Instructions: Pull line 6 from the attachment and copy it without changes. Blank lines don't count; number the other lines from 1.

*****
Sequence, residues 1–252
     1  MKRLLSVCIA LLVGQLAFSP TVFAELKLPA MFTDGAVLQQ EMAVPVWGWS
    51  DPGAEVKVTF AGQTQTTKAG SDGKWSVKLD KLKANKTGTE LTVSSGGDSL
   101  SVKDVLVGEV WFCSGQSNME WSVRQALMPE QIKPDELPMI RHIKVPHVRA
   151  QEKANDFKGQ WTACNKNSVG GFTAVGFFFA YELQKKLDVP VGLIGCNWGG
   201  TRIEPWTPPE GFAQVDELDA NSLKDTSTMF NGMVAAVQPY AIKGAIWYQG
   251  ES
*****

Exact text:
   201  TRIEPWTPPE GFAQVDELDA NSLKDTSTMF NGMVAAVQPY AIKGAIWYQG